Sunday, February 17, 2013

Do You Need To Writer's Conference?

I've heard the belief for years--if you are SERIOUS about your writing career then you must attend writer's conferences. Period. If you don't then you aren't really serious. I get this belief. I really, really do. But I don't necessary agree with it.

Is it wise to attend a writer's conference? Sure. It's probably a very important thing to do, though I have never attended one myself. It's not for lack of want, it's just that I haven't been able to. Period. Does that mean I'm not a real writer? I don't know, let's ask the 11 books I have under contract.

This summer I hope to attend my very first writer's conference. It is only a one day conference, and it is in my own state, but that is what's reasonable for me. If you are like me, and attending the "big" conferences is out of the question for you (for now), you can try some of the things I did. I will focus on just one in this post. Check back later for more info.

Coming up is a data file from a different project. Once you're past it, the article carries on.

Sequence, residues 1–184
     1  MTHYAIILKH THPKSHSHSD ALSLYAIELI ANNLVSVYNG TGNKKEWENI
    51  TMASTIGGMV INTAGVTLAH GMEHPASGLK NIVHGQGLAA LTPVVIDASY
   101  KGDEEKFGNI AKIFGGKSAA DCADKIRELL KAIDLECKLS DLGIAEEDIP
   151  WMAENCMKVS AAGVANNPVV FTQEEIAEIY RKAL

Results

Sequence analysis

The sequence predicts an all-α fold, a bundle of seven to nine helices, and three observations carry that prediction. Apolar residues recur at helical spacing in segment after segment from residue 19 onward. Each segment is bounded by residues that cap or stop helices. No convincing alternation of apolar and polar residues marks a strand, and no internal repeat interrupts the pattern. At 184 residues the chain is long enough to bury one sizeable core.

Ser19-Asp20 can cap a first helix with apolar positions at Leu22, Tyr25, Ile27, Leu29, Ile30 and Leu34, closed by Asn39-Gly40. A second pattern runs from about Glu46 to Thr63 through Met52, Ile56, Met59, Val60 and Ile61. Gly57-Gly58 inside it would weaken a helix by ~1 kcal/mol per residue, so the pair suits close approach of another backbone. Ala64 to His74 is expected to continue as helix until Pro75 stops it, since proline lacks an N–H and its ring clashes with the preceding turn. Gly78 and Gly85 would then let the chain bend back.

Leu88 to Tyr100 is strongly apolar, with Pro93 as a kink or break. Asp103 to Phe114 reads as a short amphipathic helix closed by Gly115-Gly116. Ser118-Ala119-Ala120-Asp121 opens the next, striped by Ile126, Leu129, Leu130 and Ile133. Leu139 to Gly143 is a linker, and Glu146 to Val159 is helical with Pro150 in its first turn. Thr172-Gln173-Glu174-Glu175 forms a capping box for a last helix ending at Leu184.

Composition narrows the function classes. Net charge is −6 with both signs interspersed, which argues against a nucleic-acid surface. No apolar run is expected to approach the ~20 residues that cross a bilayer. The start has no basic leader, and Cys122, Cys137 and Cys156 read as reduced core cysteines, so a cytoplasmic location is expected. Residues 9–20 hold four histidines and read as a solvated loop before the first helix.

READ!

I read lots of books. Books in the genre I want to write (this includes picture books and novels), and books about writing. My favorites (meaning the ones I find particularly useful) are Writing Picture Books by Ann Whitford Paul, Writing the Breakout Novel by Donald Maass, the Writing the Breakout Novel Workbook by Donald Maass, and Self-Editing for Fiction Writers by Renni Brown and Dave King. Happy reading!



15 comments:

  1. Great post. Even though I've attended several conferences they are usually small and in-state. Not everyone has the money to attend the "conference". Thanks again for this positive post.
    Deborah Malone
    "Death in Dahlonega"
    "Murder in Marietta"

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    1. Thanks for stopping by Deborah! I am really looking forward to attending the conference this summer.

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  2. Katie, there's WriteOnCon every August. It's online and it's free. That might be good for you. I've attended it and there's always lots of great info.

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    1. Absolutely, Kelly. In fact, WriteOnCon is part of my next post! :)